If Moshe Feiglin did not exist, Benjamin Netanyahu would have to invent him. Every headline that talks of the all-out war against the man who represents the right fringe of the party brings the Likud leader closer to the point marking the center. And that point is the ultimate goal of the Likud chairman's election campaign. In order to remove Kadima, headed by Tzipi Livni, and what remains of the Labor Party, headed by Ehud Barak, from the government, Netanyahu needs more than simply Dan Meridor who zig-zagged to the center and back. For that purpose, he had to find someone of Feigin's ilk, who is perceived even among right-wingers as an extremist, if not downright delusional, and on whom an attack does not automatically cast suspicion back on the attacker as having left-wing tendencies.
A modest achievement by Feiglin in the Likud primary, which will not have too great an influence on the internal balance of power in the party leadership, will make it possible for Netanyahu to continue to treating him like a punching bag all the way to the polling booth on February 10.
Netanyahu's efforts to place himself in the center of the political map have gone beyond the borders of the state. He is making attempts to mitigate the fears that his relations with President-elect Barack Obama will be an updated version of the murky relations he had with Bill Clinton, or that the prime minister of Israel will once again be an unwanted guest in the office of Egyptian President Hosni Mubarak.
With these concerns in mind, Netanyahu is holding a series of "therapeutic" meetings with foreign statesmen and diplomats, and is sending via their offices calming messages to the states of the West. The leading candidate in the race for the country's leadership is proposing to his interlocutors that they not become overly excited by election slogans. And he is hinting, among other things, at the idea of an "economic peace."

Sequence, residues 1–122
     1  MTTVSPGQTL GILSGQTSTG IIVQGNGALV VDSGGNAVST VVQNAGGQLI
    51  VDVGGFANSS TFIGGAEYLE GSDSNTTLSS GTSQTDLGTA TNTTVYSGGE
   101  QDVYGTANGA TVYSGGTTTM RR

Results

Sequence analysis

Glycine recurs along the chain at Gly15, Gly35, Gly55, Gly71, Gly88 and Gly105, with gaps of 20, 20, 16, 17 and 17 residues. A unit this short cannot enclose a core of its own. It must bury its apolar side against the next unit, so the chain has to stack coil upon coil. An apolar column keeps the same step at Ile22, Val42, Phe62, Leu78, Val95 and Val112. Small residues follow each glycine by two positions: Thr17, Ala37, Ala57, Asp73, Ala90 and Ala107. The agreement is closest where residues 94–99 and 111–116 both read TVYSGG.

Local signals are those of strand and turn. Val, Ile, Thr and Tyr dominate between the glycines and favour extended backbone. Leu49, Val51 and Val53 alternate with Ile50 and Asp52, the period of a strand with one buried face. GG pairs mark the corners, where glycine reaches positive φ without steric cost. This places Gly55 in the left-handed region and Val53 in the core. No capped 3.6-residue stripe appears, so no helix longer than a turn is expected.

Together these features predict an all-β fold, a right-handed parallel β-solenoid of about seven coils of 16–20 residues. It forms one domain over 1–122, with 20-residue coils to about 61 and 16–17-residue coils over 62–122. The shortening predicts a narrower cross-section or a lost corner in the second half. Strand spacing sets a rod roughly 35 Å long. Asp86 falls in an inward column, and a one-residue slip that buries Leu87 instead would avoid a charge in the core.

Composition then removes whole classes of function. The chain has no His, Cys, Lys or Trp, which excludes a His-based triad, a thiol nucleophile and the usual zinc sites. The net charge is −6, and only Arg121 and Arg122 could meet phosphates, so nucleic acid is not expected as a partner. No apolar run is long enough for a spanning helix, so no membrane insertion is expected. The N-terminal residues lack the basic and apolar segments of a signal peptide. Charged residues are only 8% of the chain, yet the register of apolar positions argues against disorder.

Netanyahu is promising to continue with the peace process both on the Palestinian and the Syrian tracks. He points to the fact that, during his previous term of office as prime minister (1996-1999), Israel signed the Hebron agreement and that he himself spent a few days in the company of Yasser Arafat, at the Wye Plantation summit convened by Bill Clinton at the end of 1998.
Similar ideas are being whispered into the ears of close associates, including (relatively) friendly journalists. An experienced politico like Netanyahu understands that a secret that is shared with more than a half dozen people very soon becomes general knowledge, not only in Israel but around the world. These lines prove that he was not mistaken. On the other hand, this morning it is still difficult to know whether Netanyahu indeed really means to move toward the center, or whether his words of moderation are mere tranquilizers whose effect will wear off when the election campaign draws to an end. The place earned by Feiglin and a handful of his supporters on the Knesset list will merely show whether the investment in the struggle against Feiglin was too effective.
Rich man, poor man
On paper, Meretz leader Haim "Jumas" Oron has a rich man's problems. Almost daily, the names of new candidates who wish to strengthen the ranks of the revitalized left-wing party spring up. In addition to these, Oron has in his pocket a list of good women and men who are waiting for him to call. If they are offered a fixed and realistic position on the Meretz list (the optimists wager that the party will earn 10 seats, the skeptics say seven or eight), they will agree to run with the party in the election to the 18th Knesset.
Next Sunday, the members of the Meretz conference will draw up their list. No big surprises are expected. Three members of the outgoing Knesset - Oron, Zahava Gal-On and Avshalom Vilan - are expected to remain in the Knesset and to welcome back their veteran colleagues Ilan Ghilon and Mussi Raz in the two seats that have been vacated by Yossi Beilin and Ran Cohen. Tzvia Greenfield, who took up Beilin's seat when he resigned last month and has hardly managed to warm it up, is fighting to hold on to her place.